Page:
Disaster Days: How megafires, guns and other 21st century crises are disrupting CA schools
From climate-driven natural disasters to crumbling infrastructure and threats of mass shootings, modern dangers are sending California kids home from class in record numbers. The trend is only beginning to show up on lawmakers' radar.
Each year, millions of Californians send their children to public K-12 classrooms, assuming that, from around Labor Day to early summer, there will be one given: A school day on a district’s calendar will mean a day of instruction in school. But that fixed point is changing, according to a CalMatters analysis of public school closures.
From massive wildfires to mass shooting threats to dilapidated classrooms, the 21st century is disrupting class at a level that is unprecedented for California’s 6.2 million students. Last year, the state’s public schools closed their doors and sent kids home in what appear to be record numbers, mainly as a result of sweeping natural disasters. It was the third significant spike in four years.
The trend largely tracks the rising frequency and severity of climate-fueled wildfires, with big bumps in 2003 and 2007, the years of San Diego County’s huge Cedar and Witch fires, and then, in recent years, a more sustained but equally dramatic climb with the historic wine country fires and Camp Fire of 2017 and 2018.
But fire —which just this month shut down the entire Murrieta Valley Unified School District in Southern California — has not been the only big reason for lost school time. California students also lost instructional days for emergencies such as breakdowns in school facilities that make it unsafe to operate a normal school day — mold or plumbing problems, for instance — as well as threats of potential gun violence.
In the latter case, state data shows, even when school officials don’t deem a threat credible enough to cancel classes, fear alone has increasingly led parents to keep significant numbers of students at home.
Last school year, emergency closures in at least 2,262 schools – from the state’s most densely populated urban hubs to its most remote pockets – impacted more than 1.2 million students. The closures ranged from a single lost day to weeks without instruction. Put another way, roughly every fifth student in California was sent home in the 2018-19 school year at least once for a natural disaster day, a maintenance crisis day, a threatened school shooting day or some other emergency.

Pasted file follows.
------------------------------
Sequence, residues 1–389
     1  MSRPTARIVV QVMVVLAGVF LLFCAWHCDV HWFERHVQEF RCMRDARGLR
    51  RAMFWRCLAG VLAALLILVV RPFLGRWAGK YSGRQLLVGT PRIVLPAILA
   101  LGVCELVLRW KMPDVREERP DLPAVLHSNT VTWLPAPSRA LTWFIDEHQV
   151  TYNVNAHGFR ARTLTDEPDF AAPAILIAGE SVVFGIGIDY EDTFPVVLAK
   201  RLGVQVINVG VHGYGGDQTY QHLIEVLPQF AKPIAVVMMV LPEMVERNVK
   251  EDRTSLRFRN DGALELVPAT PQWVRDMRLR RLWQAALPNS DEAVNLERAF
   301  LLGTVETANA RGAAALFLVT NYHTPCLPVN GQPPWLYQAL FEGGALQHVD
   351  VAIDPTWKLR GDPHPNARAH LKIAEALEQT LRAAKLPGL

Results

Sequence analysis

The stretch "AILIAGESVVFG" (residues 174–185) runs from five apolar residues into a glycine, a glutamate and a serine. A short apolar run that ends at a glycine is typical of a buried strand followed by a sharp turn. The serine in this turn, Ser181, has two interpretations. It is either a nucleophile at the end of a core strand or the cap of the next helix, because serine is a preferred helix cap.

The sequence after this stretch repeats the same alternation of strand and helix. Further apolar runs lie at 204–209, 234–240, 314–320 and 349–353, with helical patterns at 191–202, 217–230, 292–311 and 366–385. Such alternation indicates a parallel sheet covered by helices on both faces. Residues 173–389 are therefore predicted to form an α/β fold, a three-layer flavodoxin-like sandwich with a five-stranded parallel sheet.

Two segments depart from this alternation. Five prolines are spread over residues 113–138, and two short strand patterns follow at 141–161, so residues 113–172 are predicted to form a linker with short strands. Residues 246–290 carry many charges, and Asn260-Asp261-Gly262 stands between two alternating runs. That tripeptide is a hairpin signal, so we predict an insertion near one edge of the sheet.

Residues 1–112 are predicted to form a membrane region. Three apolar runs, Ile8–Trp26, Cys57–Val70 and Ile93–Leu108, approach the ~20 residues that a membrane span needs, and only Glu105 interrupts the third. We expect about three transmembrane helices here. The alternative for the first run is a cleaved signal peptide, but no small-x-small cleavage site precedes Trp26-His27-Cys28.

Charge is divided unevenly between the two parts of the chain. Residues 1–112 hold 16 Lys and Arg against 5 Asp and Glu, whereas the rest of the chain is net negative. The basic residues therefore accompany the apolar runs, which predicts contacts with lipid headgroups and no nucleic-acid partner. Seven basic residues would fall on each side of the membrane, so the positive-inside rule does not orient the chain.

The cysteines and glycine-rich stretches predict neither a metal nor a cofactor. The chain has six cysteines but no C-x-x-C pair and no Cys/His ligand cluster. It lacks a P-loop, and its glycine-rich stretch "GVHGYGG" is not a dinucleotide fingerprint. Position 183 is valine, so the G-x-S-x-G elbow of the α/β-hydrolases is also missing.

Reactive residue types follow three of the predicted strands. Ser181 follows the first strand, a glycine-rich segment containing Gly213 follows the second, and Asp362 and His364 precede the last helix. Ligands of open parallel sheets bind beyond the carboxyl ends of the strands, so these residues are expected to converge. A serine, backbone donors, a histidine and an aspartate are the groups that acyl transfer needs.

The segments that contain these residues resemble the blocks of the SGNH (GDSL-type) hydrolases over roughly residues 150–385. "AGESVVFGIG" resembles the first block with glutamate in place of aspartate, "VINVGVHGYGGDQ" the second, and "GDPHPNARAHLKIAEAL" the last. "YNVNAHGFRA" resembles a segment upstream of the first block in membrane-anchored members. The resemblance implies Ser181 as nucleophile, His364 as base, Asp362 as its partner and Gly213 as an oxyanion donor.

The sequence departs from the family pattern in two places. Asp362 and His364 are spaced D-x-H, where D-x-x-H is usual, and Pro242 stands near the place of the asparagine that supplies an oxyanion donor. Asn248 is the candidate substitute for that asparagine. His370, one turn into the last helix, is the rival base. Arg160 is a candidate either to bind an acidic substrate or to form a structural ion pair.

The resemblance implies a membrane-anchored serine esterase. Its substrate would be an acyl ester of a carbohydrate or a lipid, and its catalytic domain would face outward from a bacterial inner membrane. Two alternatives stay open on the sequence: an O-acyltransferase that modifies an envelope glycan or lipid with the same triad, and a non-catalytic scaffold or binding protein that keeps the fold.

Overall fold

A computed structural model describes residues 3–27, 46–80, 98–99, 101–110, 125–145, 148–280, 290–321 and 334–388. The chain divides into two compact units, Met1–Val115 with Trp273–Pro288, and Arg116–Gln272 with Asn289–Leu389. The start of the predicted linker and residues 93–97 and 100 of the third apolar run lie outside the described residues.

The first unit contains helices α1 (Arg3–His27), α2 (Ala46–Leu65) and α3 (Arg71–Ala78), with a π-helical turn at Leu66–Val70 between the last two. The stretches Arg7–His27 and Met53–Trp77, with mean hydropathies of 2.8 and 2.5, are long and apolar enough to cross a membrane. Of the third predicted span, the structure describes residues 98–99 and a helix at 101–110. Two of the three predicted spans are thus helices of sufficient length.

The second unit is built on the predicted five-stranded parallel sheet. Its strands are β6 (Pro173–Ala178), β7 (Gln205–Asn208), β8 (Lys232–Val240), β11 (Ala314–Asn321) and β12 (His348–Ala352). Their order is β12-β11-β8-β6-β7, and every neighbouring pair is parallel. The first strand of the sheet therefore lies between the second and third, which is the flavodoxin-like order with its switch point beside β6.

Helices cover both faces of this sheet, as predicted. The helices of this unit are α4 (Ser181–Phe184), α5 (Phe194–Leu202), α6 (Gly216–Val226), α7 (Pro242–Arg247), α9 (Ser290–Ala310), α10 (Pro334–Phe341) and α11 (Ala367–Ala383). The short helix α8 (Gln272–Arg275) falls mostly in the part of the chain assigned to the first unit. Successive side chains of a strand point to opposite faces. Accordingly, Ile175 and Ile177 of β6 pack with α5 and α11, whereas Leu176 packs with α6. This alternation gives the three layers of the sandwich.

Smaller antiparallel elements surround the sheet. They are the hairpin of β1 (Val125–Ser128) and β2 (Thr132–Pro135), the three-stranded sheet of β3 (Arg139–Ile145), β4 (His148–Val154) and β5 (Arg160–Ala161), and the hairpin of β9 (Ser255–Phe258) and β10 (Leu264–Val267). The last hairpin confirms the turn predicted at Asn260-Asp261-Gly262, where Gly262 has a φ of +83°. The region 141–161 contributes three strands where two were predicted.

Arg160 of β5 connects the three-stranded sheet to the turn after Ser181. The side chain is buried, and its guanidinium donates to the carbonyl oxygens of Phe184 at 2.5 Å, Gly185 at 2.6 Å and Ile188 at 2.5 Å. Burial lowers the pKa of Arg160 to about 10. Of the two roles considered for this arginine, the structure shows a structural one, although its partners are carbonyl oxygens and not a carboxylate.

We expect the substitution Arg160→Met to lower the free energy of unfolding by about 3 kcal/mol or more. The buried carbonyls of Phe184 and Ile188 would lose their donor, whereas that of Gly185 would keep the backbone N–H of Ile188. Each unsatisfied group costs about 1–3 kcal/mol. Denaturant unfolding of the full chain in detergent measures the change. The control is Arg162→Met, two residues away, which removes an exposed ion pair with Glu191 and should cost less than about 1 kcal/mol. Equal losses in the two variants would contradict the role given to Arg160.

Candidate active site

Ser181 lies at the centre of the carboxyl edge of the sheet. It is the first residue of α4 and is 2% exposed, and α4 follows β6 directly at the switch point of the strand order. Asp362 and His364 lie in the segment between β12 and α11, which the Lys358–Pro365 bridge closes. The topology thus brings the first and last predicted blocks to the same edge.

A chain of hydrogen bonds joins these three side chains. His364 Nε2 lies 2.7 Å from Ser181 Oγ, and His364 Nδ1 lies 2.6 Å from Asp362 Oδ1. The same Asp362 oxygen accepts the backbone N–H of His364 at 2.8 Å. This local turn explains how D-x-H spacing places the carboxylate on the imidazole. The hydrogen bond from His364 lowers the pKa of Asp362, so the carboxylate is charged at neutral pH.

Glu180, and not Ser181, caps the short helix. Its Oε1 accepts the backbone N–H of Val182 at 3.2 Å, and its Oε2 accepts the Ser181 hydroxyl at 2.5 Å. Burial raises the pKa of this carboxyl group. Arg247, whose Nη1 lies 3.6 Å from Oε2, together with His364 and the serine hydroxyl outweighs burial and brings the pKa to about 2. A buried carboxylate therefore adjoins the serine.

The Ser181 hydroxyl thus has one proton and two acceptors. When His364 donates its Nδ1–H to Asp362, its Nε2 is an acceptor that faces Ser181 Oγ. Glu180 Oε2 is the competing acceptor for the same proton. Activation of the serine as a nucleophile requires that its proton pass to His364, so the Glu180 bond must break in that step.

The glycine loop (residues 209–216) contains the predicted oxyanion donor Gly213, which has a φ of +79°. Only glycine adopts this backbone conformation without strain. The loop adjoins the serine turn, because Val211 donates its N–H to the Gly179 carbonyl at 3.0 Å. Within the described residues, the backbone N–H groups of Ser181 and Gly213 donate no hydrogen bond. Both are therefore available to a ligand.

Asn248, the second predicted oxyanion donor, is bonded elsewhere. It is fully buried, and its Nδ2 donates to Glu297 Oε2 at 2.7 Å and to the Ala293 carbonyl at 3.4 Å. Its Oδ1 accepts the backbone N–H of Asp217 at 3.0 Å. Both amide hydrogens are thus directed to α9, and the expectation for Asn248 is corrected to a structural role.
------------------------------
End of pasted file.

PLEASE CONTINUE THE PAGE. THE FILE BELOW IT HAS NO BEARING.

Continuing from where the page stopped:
It’s a situation that has crept only gradually onto lawmakers’ radar, as the occasional break from routine has, in many districts, morphed into longer and more traumatic interruptions. Losses of 10 school days or more to wildfire — virtually unheard of in past decades — have occurred hundreds of times since 2015, impacting schools across California, from Oroville to Ojai.
The amount of missed school is key, according to education research. A 2015 study of math scores in wintery Massachusetts found that the occasional snow day didn’t impact performance, especially if the closure was one teachers could prepare for, but longer absences take a significant toll on learning. The challenges after a natural disaster also can remain overwhelming for educators even after schools reopen, as districts severely impacted by fires – such as Paradise Unified – have learned.
In an effort to understand how emergencies, disasters and threats impact the everyday operations of California’s public schools, CalMatters used the California Public Records Act to obtain records detailing thousands of emergency school closure incidents reported by local school districts to the state Department of Education since 2002-03 — as far back as the state has kept records. From those reports, we built our own database of school closures, spanning 17 school years and accounting for more than 34,000 total days of lost instruction.
A temporary change in California’s instructional requirements from 2009-10 to 2014-15, the years of the recession, may have depressed the number of closures reported to the state during those years. But since 2015-16, the state has recorded more school closures from wildfire and smoky air than at any point in the last two decades.
Here is what else CalMatters’ analysis found:
Widespread school closures have become more frequent. A big reason is wildfire.
In recent years, thousands of public schools statewide have reported closing for emergencies, citing a variety of reasons. But wildfire has been the cause in most years in which the numbers have spiked.
Recent fires have been especially disruptive. Of the more than 34,000 school closure days in CalMatters’ database, nearly two-thirds — 21,100 — stemmed from wildfires. Of these, more than half, or about 10,700, occurred since 2015. In some areas, the fire threat has been so relentless that some schools have closed as many as five times in the last four years for wildfires.
And those fire-related closures have gotten longer.
Until recently, only a handful of schools had reported losing more than 10 days in a single school year to wildfire-related emergencies. In the last two school years, that count has risen to nearly 300 schools. Before the 2015-16 school year, no California school had reported losing 15 days or more to wildfires. Since then, shutdowns of that duration have happened at more than 70 California schools.
Where there’s fire, there’s smoke — and that’s also keeping kids home.
One of the most disruptive aspects of last year’s fire season was the billowing pollution it spewed for miles downwind of megafires. At one point in November, hazardous air quality from the Camp and Woolsey fires, among others, had prompted some 180 school districts, with a combined enrollment of more than 1 million students, to announce they would be cancelling school at some point that week.
Since then, California lawmakers have updated guidelines to help schools consistently determine when to close due to poor air quality.
But fire is far from the sole reason for California school closures.
Also substantial were closures due to extreme weather and natural disasters other than wildfires, such as floods and snowstorms. Infrastructure issues — electrical failures, asbestos, mold, insect infestations, contaminated water — also cut into class time.